Celebrating Black History Month: Today we honor Charleston Native Lucille Simmons Whipper

Lucille Simmons Whipper is a Civil Rights pioneer elected to various state and local offices, such as the State House of Representatives where she was the first black woman ever elected from the Berkeley-Charleston-Dorchester area.

Born in 1928, Whipper became a student activist at her high school in Charleston, Avery Institute.

In the late 1960s, Whipper served as an organizer and director of Operation Catch-Up that helped in leading high school students. In 1972, Whipper was appointed to serve as assistant to the president and director of the office of Human Relations at the College of Charleston, where she became the College’s first African American administrator and developed its first affirmative action plan.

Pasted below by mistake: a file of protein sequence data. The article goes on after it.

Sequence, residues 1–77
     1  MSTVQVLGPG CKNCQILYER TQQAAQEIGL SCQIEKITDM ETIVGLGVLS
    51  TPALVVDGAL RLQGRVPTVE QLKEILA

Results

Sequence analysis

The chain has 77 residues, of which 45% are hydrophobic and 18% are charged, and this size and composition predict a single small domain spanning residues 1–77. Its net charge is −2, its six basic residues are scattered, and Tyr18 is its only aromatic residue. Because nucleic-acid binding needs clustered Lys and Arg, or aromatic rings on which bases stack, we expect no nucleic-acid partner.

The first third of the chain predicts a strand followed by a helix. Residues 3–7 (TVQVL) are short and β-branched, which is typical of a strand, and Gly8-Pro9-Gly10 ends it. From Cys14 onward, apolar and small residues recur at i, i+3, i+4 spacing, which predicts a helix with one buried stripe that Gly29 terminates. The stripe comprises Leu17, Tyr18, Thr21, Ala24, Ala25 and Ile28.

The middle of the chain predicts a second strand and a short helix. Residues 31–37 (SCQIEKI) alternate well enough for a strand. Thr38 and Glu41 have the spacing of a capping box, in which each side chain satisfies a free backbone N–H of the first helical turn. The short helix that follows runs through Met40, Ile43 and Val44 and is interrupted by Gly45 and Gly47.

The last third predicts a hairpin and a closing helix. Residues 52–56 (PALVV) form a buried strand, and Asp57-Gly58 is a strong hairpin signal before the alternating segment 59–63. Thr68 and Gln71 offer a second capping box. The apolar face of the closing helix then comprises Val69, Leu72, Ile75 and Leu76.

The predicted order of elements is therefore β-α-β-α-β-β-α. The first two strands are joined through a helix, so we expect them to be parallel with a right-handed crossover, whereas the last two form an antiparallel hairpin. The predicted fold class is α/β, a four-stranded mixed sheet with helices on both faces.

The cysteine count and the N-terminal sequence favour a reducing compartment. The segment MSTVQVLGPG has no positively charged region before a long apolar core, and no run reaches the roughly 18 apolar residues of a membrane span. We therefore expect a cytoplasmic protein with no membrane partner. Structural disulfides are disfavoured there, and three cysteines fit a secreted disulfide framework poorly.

She has served for years on the South Carolina Human Affairs Commission and sponsored two important legislation that makes marital rape a crime and requires the monitoring of state agencies’ hiring goals for minorities and females.

She co-founded the Lowcountry Aid to Africa project in 2004, donating money to foundations and organizations helping people and families in Africa affected by AIDS.
She was listed as one of “Charleston’s One Hundred Most Influential since 1670” in the November 2007 issue of Charleston Magazine. In December 2008, she received the Doctorate of Humane Letters from the College of Charleston.

Whipper was married to the late Rev. Dr. Benjamin J. Whipper Sr., and lives in Mount Pleasant. She is the mother of six children and is a grandparent. A stretch of US-17 is named in her honor.

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